Sat, Nov 11, 2017 - Page 9 News List

Eight years after Sri Lanka’s civil war, Tamil refugees speak of recent torture and rape

A civil war that hit the nation’s Tamil majority hard ended in 2009, but men who have fled the country tell stories of abduction and sexual torture as recent as this year

By Paisley Dodds  /  AP, LONDON

His father eventually bribed the security officers to free him he said, adding that he was hospitalized for 10 days after his release.

Most of the men said their families had paid an average bribe of 500,000 Sri Lankan rupees (US$3,255 at the current exchange rate) and up to US$20,000 to be smuggled into Europe — hefty sums that sometimes forced their families to sell parcels of land.

Many of the other victims said they had never worked for the Tamil Tigers, but all told similar tales: They were abducted at home or off the streets by men in white or green vans, they were tortured for days or weeks or months, a family member often secured their release through a bribe and they made their way to Europe using smugglers.

“I didn’t even get a chance to say goodbye to my wife before I fled for England,” one of the men said.

Now, after all he has endured, Witness #249 relates to the tragic characters in the works of his beloved Shakespeare: broken and cursed.

Last year, Sri Lankan authorities were called to Geneva to testify before the UN Committee Against Torture.

When questioned about allegations of continued use of torture against suspects in police custody and impunity for alleged perpetrators, Sri Lankan Attorney-General Jayantha Jayasuriya said that the country’s constitution prohibited torture and that strengthening human rights was a cornerstone of its current agenda.

“Strict action” would be taken against perpetrators of human rights violations, Jayasuriya said.

However, advocates said that has not happened.

“Unless those responsible for these crimes are tackled head on and held accountable, this will not end,” International Truth and Justice Project project manager Frances Harrison said.

Many Tamils contended that the government continues to target them as part of a larger plan to destroy their culture.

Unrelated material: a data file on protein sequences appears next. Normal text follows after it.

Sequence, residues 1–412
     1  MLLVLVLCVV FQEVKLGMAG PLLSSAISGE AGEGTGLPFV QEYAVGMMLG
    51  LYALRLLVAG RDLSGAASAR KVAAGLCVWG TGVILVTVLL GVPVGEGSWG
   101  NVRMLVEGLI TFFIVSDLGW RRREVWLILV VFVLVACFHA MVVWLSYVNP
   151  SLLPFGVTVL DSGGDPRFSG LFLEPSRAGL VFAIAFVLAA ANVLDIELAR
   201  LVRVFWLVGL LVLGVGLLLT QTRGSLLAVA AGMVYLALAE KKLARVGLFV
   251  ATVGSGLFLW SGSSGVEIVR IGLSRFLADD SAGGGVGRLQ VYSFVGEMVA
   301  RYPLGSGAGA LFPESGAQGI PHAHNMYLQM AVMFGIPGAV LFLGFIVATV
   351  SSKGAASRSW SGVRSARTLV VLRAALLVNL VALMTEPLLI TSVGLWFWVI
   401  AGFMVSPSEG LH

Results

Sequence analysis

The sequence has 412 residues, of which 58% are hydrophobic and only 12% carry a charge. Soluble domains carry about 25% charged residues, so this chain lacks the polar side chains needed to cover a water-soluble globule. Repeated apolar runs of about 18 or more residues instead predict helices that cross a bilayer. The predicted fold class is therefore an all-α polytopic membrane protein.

Tamils speak a different language and are largely Hindu, unlike the largely Buddhist Sinhalese majority.

More than 100,000 people are estimated to have died in the war, including at least up to 40,000 civilians in its final months, according to UN estimates.

Sri Lankan authorities have denied targeting civilians and dispute the toll.

Witness #205, who reported that he was held for 21 days and tortured, said he was accused of belonging to the Tamil Tigers.

Like the majority of the other victims, he said that one of his captors identified himself as a member of the Sri Lankan Criminal Investigations Department.

“These survivors are the walking wounded of an invisible war in which rape has become the ultimate covert weapon,” Harrison said.


Many of the victims meet each week at a London church for English classes and counseling sessions.

In July, a new member of the group stepped forward revealing at least 60 cigarette burns on his legs and chest. At 19, he was the youngest victim of the group and trembled when speaking of his sexual abuse.

“What’s striking is that I’m seeing men who are younger and younger, meaning that they would have had very little to do with the war,” said doctor Charmian Goldwyn, who has seen nearly 200 Tamils who said they were tortured.

Some of the cases occurred before 2015, but she has also seen men who have described more recent abuse.

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